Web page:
Schneiderman asks Cuomo to veto e-prescribing exceptions
September 23, 2016
As published by the Albany Times Union on September 21, 2016.
State Attorney General Eric Schneiderman’s office has asked Gov. Andrew Cuomo to veto two bills he said would weaken the state’s three-year-old electronic prescription monitoring system.
The bills would “open significant loopholes” to the Internet System for Tracking Over-Prescribing, Deputy Attorney General Brian K. Mahanna said in a Sept. 20 letter to Alphonso David, general counsel to Cuomo. Implemented in 2013, I-STOP is an attempt to rein in the overuse of prescriptions painkillers. It requires doctors to write prescriptions electronically in most cases and to check a database of prescriptions for controlled substances before writing the prescription, to prevent patients from conning multiple physicians into giving them scripts for narcotics.
One bill would exempt nursing home doctors from the e-prescribing rule. The intent, according to the bill, is to make sure patients get their prescriptions filled in a timely manner, recognizing that nursing homes do not always have a doctor on site. Mahanna wrote that existing laws allow for doctors to prescribe medications verbally in emergency situations, so the bill isn’t needed.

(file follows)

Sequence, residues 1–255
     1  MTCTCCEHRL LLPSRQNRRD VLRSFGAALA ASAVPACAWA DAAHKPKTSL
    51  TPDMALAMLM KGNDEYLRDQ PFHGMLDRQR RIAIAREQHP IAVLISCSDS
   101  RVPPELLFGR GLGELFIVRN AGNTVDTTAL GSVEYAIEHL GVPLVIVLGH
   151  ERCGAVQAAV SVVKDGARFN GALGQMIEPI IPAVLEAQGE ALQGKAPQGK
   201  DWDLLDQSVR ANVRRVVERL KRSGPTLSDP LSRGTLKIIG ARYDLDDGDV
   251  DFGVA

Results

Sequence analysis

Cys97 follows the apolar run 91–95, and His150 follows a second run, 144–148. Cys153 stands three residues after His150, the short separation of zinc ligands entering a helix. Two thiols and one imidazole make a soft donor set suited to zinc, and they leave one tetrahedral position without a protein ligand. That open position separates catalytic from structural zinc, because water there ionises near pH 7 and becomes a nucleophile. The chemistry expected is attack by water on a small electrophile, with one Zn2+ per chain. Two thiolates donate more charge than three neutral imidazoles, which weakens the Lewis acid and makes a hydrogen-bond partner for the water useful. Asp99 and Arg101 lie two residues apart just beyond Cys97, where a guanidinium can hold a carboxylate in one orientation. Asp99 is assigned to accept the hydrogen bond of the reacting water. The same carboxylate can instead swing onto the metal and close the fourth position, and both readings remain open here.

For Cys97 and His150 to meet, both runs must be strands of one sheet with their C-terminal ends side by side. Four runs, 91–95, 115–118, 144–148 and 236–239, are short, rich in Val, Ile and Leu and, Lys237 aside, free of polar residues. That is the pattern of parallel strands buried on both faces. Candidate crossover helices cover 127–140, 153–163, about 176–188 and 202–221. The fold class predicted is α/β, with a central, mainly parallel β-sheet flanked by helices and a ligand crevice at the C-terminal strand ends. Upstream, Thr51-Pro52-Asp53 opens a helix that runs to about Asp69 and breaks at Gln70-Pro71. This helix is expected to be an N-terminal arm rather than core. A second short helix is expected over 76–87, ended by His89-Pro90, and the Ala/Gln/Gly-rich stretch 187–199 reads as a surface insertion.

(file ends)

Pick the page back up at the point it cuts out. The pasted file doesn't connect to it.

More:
Electronic records are particularly important in nursing homes, where errors can rise to criminal conduct if records are omitted, altered or destroyed, he wrote. They also help minimize theft of drugs from residents, known as diversion, he wrote.
The other bill would exempt providers who write paper prescriptions in certain situations, such as when a prescription will be filled out of state, from a rule requiring them to report the prescriptions to the state Department of Health.
The bill would allow doctors to avoid compliance with I-STOP and allow patients who are “doctor shopping” for prescriptions to falsely claim they will fill the prescription out of state, Mahanna said.
Both bills are under review by Cuomo’s office, according to spokesman Richard Azzopardi.